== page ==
Monday, September 2, 2013

Deconcentrating poverty or deconcentrating affluence?

Many people do not realize how wealthy they are relative to the rest of the District, the country, or worldwide. DC, in fact, has the most households in the nation making over $200,000 (8.4% of households or 21,194 households) and has the highest Gini coefficient (.534) in the US, that is, the highest level of inequality nationwide, according to the Census. To make it into the top 5% of American household incomes, your household has to make at least $188,000. According to the Bureau of Labor Statistics, in DC, those in the following jobs would quite easily make it into the top 5%:
  • Surgeon, $241,330
  • General internist, $217,330
  • Chief Executive, $198,120
 or as a two-earner household:
  • Family and general practitioner, $173,050
  • Lawyer, $159,790
  • Sales manager, $136,920
  • PR and fundraising managers $129,940
  • Database administrator, $95,690
Where is your household in the income hierarchy? (See here). Where does Ward 6 fit into the income hierarchy? 

Using the Census' American Community Survey, I looked at census tracts 71 (the long-standing lowest-income census tract in Ward 6) and 67 (the long-standing wealthiest census tract in Ward 6)(1).

You can see that these two census tracts are very close to each other. From the data, I found that census tract 67 has a very large percentage of households making over $200,000: about 30% of census tract 67 makes $200,000 or more, while only 5% do in census tract 71. In addition, no families live in poverty in census tract 67, while it is estimated that 47% of those in census tract 71 do. It is further estimated that about 70% of those living in poverty in census tract 71 are under 18 years of age; they are children. Interestingly, census tract 71 looks much more like the rest of the country than census tract 67. The wealth of census tract 67 and the poverty of census tract 71 are, in fact, related.

Many people think that poverty can be reduced by "deconcentrating" poverty, by moving the poor away from areas with concentrated poverty. At the American Sociological Association annual conference this August, sociologists working on poverty and race -- such as Professors William Julius Wilson, Mary Patillo, and Douglas Massey, whom I heard speak -- demonstrated that displacing the poor in almost all cases will not help them because they are usually displaced to areas with even more concentrated poverty. Rather, poverty and inequality have to be dealt with where the poor live, recognizing that areas of poverty and areas of wealth are interrelated.

Alternatively, given the lack of households living in poverty in census tract 67, it might make sense if several of the families living in poverty in census tract 71 moved to census tract 67. In his article about public housing, British geography professor Tom Slater has argued that the problem is not the concentration of poverty but rather the "concentration of affluence" in which people are "utterly insulated from the dignified daily struggles endured" by their neighbors and do not realize that their own actions and decisions impact the lives of those living in poverty. How might Ward 6 deconcentrate affluence?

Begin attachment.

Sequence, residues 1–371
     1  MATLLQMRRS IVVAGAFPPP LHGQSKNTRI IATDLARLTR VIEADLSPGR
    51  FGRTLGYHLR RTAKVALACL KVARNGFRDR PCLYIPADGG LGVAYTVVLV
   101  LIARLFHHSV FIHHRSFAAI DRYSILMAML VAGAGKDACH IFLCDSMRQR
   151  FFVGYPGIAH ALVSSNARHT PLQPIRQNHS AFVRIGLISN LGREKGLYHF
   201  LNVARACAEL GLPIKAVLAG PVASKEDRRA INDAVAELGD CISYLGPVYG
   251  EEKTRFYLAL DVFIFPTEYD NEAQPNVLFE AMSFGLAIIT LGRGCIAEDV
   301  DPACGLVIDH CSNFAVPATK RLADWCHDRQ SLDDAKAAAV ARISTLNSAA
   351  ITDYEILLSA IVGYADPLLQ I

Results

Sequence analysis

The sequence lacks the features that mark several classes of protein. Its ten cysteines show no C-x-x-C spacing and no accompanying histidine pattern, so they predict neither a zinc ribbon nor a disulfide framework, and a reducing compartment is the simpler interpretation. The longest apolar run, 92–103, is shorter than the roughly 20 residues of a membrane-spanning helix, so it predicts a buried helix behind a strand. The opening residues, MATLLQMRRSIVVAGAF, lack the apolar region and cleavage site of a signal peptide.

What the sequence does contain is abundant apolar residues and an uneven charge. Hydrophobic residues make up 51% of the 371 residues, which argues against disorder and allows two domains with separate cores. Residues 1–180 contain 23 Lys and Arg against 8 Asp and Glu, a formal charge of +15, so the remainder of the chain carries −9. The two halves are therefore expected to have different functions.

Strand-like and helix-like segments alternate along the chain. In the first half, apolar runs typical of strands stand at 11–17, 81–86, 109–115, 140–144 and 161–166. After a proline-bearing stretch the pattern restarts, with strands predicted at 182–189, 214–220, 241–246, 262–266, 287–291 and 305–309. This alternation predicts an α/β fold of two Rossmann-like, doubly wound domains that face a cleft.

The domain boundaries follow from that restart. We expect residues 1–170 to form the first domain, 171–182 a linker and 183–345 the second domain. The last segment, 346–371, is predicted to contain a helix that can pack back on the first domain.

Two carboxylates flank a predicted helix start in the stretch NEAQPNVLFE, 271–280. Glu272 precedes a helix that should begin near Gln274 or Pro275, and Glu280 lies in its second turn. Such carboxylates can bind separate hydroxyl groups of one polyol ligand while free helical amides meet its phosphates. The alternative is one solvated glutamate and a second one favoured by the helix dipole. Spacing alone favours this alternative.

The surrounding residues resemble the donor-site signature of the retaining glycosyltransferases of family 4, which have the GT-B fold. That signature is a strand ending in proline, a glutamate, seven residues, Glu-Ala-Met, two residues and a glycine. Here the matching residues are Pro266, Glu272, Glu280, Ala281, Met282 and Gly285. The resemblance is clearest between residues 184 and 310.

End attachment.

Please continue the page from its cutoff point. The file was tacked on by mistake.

(1) In this case, the American Community Survey surveyed large samples of households over 2007-2011. Since the survey does not include everyone in the country, it produces only estimates.


  1. In tract 67 there are good potential living spaces for people of very modest means. These are the renovated carriage houses and English basements with separate entrances, good light and full baths that are being used only as expansive playrooms or private studies for small families or couples who also enjoy all the space of a two or three-story main house. Many of these places are the size of studio and one or even two-bedroom apartments. When they are not used or needed for income their owners could easily accommodate renters who can afford to pay very little, without giving up privacy. Sometimes it doesn’t take government policy to deconcentrate affluence, just us.

    In any event, is concentration of affluence evil in itself? It doesn’t equate to “utter” insulation from the struggles of people in poverty unless affluent individuals choose to avoid opportunities for interaction and awareness, such as joining inclusive organizations, volunteering or mentoring.


  2. I definitely don't assume that the government needs to do anything to change this. When I say "ward 6," I mean any person, group, etc within the territorial confines of Ward 6.

    Well, that is the question about whether concentrations of affluence lead to social isolation. Many sociologists who study habitus, say that people often flock to those with similar class standings (like professors hanging out together or business people in certain industries) because they feel more comfortable, which can have quite serious consequences. But people can choose to ignore comfort, etc.


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